However, the trend in extreme porn convictions continues to be sharply upward: over 1300 last year as opposed to the 30 per year that civil servants estimated would be the going rate when the law was first mooted in parliament. That does not include the number of cautions, which, despite counting as criminal convictions, do not figure in the stats.
In practice, it is not so much an extreme porn law as a kind of “dangerous dogs” act — since the bulk of convictions (over 90 per cent) have been obtained in respect of possession of images of bestiality — often a result of someone receiving an image from a friend and failing to delete it before the police happened to look at his phone.
That trend is repeated in this case, where there was some doubt as to whether Simon Walsh had ever actually looked at the images in question.
However, the effect of this law is pernicious. It doesn’t seem to have done much to stem the tide of porn that so many politicians obsess about. It has given police and prosecution another stick with which to beat the unwary — and to punish them should they not be punishable for any other crime.
Those who merely read the court reports may not fully get the devastation that such cases cause to individuals. And this devastation is a fact wilfully exacerbated by the CPS, who frequently insist on putting individuals through months of pre-trial angst before withdrawing the charges in the first hour of the trial.
As happened to one charge in this case: a suggestion that a picture that Walsh possessed of a man in a gas mask could also constitute extreme porn.
For all that this result has been embarrassing to the CPS, they continue to make progress on what is beginning to feel like a serious moral agenda at the heart of their practice. Calls for review of prosecuting practice have followed swiftly. Ian Dunt, of politics.co.uk, thinks it is time to look again at the culture within the CPS: Ben Goldacre wonders aloud whether it is mere coincidence that a lawyer who has made a career of bringing corrupt police officers to book should be the target of such legal manoeuvring, also suggesting “we need an inquiry into why CPS and police keep bring these [cases]”.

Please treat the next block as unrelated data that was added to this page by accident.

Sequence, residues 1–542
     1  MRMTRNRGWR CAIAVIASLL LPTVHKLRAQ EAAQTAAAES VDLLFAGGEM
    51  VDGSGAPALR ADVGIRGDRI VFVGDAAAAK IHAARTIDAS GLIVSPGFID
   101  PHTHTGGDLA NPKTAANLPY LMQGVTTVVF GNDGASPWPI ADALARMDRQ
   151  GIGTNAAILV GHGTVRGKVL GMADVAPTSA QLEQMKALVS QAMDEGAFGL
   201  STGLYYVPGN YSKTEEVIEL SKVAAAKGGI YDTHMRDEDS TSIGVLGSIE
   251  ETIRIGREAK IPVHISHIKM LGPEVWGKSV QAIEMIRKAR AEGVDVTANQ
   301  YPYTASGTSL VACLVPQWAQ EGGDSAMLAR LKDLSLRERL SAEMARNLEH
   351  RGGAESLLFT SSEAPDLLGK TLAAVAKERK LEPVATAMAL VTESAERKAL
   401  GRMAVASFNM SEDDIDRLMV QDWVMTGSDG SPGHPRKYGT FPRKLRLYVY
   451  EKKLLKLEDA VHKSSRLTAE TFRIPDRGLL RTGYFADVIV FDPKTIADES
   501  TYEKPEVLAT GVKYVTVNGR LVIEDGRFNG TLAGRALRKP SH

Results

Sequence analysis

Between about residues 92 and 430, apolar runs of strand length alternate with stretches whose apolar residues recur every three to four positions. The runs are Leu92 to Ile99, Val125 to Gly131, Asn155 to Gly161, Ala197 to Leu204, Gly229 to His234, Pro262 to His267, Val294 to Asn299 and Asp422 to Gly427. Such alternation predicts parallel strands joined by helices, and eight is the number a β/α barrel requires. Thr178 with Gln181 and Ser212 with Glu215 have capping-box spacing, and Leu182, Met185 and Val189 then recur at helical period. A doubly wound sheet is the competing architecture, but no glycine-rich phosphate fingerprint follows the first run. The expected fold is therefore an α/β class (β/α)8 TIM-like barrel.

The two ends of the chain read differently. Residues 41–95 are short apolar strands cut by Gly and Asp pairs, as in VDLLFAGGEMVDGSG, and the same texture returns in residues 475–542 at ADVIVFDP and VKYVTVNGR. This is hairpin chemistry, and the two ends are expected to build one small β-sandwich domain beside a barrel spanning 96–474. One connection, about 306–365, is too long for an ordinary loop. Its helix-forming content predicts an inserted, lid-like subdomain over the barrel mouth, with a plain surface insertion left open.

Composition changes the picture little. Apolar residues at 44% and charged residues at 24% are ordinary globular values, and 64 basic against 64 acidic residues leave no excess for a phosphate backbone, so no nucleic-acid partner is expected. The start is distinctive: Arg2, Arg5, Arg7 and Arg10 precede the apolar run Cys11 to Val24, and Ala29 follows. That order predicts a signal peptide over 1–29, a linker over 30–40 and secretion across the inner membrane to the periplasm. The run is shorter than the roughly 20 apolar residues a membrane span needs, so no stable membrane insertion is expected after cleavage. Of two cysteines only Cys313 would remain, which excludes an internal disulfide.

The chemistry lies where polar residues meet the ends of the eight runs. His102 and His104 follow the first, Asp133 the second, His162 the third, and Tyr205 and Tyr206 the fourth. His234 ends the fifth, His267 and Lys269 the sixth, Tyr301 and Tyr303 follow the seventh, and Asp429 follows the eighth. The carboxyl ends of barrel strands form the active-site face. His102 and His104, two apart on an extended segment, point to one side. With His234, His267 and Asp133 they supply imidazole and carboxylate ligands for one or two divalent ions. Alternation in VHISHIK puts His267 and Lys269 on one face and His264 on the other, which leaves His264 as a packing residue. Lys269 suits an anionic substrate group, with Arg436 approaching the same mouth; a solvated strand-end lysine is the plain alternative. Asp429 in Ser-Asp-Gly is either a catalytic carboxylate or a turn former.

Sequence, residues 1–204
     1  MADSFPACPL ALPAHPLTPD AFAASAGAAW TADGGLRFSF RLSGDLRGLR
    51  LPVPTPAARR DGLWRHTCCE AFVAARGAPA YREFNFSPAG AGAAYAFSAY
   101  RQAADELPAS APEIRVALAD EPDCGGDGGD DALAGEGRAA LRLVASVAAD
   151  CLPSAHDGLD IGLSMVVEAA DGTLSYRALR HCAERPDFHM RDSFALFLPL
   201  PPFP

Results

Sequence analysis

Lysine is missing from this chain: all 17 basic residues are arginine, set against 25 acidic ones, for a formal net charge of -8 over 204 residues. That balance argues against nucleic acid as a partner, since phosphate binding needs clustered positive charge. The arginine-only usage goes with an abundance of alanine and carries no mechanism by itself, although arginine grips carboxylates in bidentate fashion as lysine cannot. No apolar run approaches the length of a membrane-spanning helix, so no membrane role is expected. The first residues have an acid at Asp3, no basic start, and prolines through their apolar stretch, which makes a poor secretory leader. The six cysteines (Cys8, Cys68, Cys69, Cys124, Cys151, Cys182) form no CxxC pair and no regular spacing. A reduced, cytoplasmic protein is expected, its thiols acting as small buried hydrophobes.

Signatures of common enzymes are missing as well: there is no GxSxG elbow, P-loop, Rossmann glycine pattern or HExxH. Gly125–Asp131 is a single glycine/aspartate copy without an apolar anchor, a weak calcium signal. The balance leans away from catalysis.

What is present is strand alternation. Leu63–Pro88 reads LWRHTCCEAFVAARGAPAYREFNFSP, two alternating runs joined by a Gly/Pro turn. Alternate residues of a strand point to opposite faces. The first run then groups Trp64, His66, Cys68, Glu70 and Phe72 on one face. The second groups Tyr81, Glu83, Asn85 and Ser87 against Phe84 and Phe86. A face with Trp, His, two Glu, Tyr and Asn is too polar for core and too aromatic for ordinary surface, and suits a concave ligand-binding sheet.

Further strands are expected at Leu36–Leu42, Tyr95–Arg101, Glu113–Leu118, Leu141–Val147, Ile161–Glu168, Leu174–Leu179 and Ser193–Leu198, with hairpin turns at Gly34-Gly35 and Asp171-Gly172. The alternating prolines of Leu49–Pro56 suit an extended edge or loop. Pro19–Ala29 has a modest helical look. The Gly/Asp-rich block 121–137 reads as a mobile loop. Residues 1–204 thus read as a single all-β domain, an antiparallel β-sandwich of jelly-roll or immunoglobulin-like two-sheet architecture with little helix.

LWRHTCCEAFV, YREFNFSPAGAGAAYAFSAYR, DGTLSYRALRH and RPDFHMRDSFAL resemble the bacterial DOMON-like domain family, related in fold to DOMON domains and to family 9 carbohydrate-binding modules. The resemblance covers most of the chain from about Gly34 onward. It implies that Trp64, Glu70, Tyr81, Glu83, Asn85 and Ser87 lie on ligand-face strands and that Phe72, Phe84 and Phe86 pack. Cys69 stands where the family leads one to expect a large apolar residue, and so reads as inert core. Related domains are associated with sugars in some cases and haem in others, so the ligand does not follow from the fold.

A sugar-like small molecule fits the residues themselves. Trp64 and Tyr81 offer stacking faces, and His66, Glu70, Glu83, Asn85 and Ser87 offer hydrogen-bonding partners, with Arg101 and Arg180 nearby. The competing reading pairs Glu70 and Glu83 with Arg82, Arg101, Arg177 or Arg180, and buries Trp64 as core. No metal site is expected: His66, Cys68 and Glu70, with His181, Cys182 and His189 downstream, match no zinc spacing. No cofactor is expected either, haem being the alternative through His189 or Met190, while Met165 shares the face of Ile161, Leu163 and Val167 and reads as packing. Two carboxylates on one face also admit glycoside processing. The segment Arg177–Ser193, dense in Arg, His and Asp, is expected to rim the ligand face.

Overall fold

Still, there is something worrying about the course that this trial took. The extreme porn law, lest those with short memories forget, was initially introduced to deal with images of extreme harm — actual or potential — in a sexual context.
We have already seen, in the Video Recordings Act, how judges are capable of shifting the goalposts, making “potential harm” the yardstick by which cases are to be judged — although again, it is a selective sort of potential, that prosecutes images of fisting but leaves the “potential harm” of ultraviolent films untouched.
But one further disconcerting element arose in the judge’s summing up today: for “harm”, which in the original conception of the law was clearly the depiction of physical harm can now refer to “physical, mental or moral harm”.
In other words, the CPS may have ended losing this particular battle and looking like asses — but in the longer game, the policing of private sexuality, they have just notched up a signal victory.
*David Allen Green points out in the comments that it was Mike Ward who came up with the mens rea/mens rears joke
Jane Fae is a writer who has made her focus the intersection of the law, IT, policing – and sex and sexuality. She can be found regularly writing on issues of individual and sexual liberty, with a distinctly feminist tinge. She is also a national co-convenor for Consenting Adult Action Network. You can follow her on her blog or on twitter: @JaneFae